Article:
Could this be the beginning of a Fitbit rash-gate? After company apologies, medical investigations, a full recall, and putting an end to sales of the Fitbit Force activity-tracking device -- some users still aren't satisfied.
A lawsuit against Fitbit, which is seeking class-action status, was filed on Monday in the Superior Court of California in San Diego County, according to The Wall Street Journal. The suit alleges that Fitbit didn't do a good enough job at alerting consumers about possible rashes caused by the Force in its promotional and advertising material.
The suit is being led by aviation teacher Jim Spivey, 49, who didn't actually ever have skin irritation from his Force but is bringing the suit because he believes Fitbit should have been more vocal to consumers about the device recall.
"I have a concern that there is still a risk of developing an injury for me and others," he said, according to the Journal.
It was revealed earlier this year that thousands of users had complained to Fitbit about having skin irritation -- including redness, rashes, itchy and dry patches, and blistering -- from wearing the device.
The company originally responded in January by offering refunds or replacements of the Force with any other Fitbit product. Then, coordinating with the US Consumer Product Safety Commission (CPSC), Fitbit offered a voluntary recall on the Force in February, along with pulling the device from store shelves.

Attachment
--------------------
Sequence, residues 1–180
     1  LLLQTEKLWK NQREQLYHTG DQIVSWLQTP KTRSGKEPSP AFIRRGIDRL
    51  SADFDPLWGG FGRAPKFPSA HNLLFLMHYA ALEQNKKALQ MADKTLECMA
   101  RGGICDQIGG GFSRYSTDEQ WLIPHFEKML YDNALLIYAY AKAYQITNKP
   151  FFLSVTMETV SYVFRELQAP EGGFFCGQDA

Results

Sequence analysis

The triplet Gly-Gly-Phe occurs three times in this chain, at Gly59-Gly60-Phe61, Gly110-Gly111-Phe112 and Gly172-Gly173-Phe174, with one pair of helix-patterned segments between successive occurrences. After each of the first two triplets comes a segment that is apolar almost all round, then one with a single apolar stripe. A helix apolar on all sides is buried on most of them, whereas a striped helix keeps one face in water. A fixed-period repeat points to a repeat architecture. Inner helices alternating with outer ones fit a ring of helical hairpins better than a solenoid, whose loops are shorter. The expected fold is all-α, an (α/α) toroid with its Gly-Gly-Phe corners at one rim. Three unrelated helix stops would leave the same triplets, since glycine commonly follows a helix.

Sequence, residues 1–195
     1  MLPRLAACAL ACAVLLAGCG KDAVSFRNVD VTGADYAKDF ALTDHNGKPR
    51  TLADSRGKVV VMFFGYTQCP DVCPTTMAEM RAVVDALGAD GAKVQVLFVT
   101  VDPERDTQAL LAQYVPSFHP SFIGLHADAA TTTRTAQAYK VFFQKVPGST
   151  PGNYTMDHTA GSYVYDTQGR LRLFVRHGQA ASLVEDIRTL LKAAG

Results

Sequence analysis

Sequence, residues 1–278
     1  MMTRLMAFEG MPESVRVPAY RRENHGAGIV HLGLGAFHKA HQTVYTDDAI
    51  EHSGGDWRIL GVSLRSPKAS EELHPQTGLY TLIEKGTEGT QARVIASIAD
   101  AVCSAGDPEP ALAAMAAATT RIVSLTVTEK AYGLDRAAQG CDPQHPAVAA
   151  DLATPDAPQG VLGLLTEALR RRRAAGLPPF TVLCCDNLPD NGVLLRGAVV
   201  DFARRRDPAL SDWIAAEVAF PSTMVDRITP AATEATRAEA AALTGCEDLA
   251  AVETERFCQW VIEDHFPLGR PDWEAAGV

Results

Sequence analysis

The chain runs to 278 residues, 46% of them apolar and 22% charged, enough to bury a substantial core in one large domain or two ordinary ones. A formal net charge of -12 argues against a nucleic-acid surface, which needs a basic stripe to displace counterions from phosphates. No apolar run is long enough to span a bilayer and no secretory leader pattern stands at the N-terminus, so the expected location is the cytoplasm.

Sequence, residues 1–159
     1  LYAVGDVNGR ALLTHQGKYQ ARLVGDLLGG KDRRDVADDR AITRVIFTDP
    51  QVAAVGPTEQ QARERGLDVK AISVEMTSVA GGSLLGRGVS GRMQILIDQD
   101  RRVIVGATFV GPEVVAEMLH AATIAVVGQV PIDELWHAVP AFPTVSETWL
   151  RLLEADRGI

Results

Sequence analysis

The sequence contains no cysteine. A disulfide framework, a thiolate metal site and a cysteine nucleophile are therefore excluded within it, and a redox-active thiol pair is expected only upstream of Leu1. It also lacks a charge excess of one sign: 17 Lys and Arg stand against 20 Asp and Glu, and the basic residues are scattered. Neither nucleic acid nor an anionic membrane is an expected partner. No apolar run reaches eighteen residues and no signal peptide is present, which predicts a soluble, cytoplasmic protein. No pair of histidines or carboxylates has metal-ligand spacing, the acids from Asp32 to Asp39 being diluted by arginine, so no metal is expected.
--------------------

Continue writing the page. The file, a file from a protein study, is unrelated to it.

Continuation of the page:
According to the CPSC, 9,900 people reported skin irritation from the Force and 250 people reported blistering. While these numbers seem high, they're actually accounting for only 1.7 percent of Force owners. The recall is aimed at 1 million devices in the US and 28,000 in Canada.
The $129 Force, which was an upgraded version of the popular Fitbit Flex, came in the form of a slim rubber wristband that was wired to count users' steps and monitor their sleep. The backside of the device contained stainless steel components that used trace amounts of nickel, along with latex-free elastomer materials and adhesives.
Fitbit CEO James Park said in February that after hiring independent labs and medical experts to conduct a "thorough investigation," it was determined that the skin irritation most likely came from users' allergies to materials in the device -- otherwise known as allergic contact dermatitis.
The lawsuit demands that Fitbit tell all Force users in California about the recall, along with coordinating a full refund for the device, according to the Journal. Additionally, the suit calls on Fitbit to announce a full disclosure on why users were having the skin irritations.
"We are asking for full disclosure of the dangerous aspects of the product and a full disclosure of why it's causing these injuries," lead attorney for the suit John Fiske said, according to the Journal.
When contacted by CNET, a Fitbit spokesperson said the company has already taken the steps asked by the lawsuit.
"Based on our initial review of the lawsuit, the complaint asks for a recall of Force and a refund to consumers," the spokesperson said. "Fitbit took initiative long before this complaint was filed, publicly offered refunds, and worked closely with the CPSC on its voluntary recall program. We strongly disagree with the statements about the product and the Company."
Updated at 10:05 p.m. PTwith comment from Fitbit spokesperson.